I think we all want to go faster, that's why we (most of us) left monohulls for cats in the first place. I'd love to 'foil', even race a foiler, once it all gets sorted out.

I'm just trying to look ahead to see if there might be some unintended consequences coming in the way of designs, if full on foiling is approved.

I guess we can sit back and watch what happens in the US A Cat class in the next two years, since they basically said that's what they are going to do. Is there a better hull shape to hold the foils? I was thinking they might want to move the foil boxes further forward, perhaps in front of the main beam, to prevent the hobby horse effects we see today.

Seems to me that putting the major lifting foils further up front would prevent a lot of the nose dives. If you move them forward, you could share the load with the rudder foils too.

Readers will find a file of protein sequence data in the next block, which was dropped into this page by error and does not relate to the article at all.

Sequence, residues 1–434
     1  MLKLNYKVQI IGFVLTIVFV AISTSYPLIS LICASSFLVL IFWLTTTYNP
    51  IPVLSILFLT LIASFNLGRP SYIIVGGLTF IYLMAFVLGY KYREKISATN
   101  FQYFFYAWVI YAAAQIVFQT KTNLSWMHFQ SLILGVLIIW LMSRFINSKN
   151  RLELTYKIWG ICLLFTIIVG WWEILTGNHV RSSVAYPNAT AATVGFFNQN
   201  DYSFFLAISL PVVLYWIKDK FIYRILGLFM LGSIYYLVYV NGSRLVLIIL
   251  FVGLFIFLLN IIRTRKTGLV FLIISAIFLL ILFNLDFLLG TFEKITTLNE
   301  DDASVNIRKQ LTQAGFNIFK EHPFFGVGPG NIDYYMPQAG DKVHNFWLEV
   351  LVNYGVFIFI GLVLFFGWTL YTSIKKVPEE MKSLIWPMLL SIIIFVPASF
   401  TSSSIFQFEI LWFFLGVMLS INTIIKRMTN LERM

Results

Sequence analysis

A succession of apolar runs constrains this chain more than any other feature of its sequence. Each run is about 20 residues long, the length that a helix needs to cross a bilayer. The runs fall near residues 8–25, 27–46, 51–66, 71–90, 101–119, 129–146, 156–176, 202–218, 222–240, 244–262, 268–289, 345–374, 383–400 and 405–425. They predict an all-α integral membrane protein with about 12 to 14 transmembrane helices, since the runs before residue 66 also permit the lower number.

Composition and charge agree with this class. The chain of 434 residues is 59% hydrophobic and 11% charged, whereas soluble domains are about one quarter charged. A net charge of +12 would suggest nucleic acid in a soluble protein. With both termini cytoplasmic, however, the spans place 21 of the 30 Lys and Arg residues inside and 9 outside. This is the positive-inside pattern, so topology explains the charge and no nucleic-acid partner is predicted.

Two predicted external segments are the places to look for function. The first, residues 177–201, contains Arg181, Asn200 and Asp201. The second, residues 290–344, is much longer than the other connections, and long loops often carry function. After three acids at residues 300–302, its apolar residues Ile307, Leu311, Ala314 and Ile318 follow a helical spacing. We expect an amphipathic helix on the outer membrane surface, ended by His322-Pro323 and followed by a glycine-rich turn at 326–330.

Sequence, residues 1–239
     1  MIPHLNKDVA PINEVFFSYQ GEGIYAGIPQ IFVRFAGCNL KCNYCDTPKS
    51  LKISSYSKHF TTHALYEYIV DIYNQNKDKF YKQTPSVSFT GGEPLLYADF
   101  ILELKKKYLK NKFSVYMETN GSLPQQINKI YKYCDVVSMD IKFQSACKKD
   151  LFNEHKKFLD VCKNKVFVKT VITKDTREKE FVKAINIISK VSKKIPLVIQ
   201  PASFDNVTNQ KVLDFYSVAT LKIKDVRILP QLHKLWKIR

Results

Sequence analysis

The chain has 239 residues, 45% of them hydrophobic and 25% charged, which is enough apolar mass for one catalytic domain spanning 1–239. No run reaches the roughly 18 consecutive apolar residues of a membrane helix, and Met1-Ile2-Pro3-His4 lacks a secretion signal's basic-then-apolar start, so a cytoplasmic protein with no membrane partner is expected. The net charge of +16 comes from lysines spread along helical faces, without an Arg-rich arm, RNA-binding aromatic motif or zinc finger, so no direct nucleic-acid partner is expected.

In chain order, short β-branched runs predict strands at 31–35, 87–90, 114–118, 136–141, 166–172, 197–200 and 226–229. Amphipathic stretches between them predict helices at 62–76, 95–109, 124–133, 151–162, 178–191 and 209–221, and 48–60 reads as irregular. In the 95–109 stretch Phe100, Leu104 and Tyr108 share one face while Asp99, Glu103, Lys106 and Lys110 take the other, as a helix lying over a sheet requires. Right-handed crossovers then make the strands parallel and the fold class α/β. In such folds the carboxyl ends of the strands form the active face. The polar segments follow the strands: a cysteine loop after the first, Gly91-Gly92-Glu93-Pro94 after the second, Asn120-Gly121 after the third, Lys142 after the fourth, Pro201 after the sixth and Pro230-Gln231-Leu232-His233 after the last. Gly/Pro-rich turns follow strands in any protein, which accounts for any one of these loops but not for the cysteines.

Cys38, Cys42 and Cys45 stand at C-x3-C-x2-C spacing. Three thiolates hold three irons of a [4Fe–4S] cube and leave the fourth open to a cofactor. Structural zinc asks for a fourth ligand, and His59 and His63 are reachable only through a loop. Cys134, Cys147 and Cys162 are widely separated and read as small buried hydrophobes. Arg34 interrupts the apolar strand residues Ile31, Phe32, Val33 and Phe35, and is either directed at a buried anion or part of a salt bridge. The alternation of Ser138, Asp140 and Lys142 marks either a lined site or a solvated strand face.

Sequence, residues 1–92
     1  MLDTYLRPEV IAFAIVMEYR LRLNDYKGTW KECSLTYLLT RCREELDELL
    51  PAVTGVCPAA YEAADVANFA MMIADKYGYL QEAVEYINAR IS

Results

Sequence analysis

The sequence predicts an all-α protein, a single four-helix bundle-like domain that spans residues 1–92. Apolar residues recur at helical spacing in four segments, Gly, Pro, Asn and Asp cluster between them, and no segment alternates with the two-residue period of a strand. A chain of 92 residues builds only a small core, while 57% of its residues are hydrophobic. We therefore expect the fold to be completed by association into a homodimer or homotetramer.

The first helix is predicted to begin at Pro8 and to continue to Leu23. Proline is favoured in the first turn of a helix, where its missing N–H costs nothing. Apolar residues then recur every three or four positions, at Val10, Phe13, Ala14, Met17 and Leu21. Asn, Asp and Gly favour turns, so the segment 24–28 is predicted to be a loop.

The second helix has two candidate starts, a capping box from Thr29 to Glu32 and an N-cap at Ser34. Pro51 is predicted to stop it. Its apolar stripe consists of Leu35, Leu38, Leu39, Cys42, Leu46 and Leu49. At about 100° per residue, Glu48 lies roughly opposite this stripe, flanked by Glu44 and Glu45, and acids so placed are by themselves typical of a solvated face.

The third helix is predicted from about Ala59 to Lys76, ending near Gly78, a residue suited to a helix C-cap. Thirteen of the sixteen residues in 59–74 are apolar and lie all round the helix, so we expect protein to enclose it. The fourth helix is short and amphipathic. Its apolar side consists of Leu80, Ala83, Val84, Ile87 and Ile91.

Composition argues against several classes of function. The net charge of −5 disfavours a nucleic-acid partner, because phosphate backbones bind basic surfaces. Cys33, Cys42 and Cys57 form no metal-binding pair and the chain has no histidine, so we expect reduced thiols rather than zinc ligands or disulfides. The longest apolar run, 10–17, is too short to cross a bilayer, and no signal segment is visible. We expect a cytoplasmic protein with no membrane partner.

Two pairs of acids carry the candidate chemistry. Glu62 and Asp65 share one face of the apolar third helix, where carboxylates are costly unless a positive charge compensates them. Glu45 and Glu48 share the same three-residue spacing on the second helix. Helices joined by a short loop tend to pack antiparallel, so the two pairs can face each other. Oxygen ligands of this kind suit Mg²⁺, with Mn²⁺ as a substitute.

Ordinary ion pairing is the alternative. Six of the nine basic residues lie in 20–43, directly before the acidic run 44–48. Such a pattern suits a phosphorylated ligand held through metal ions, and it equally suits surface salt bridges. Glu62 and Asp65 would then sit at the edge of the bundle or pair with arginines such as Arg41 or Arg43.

Of course you'd then have to engineer a way to lift them up, unless you just leave them down and park in deeper water, like the Moth guys do.
Posted By: cyberspeed

Re: Thoughts on foiling... - 05/26/15 03:12 PM

Originally Posted by Timbo
I was thinking they might want to move the foil boxes further forward, perhaps in front of the main beam, to prevent the hobby horse effects we see today.

Ahhh, Bill Roberts "Shared Lift" concept he used for the ARC 21. A bitch to tack though. It is harder to tack the 8.5' boat with shared lift than the 12.5' boat without.
Posted By: David Ingram

Re: Thoughts on foiling... - 05/26/15 03:12 PM

Originally Posted by Jake
The moth class is a great example of this transition already taking place in an established displacement class. However, I don't think the moth class was that large prior to the introduction of foiling but there are distinct parallels with the statements and positions of the current a-class sailors "foilers have their conditions", "they won't always be an advantage", etc. etc.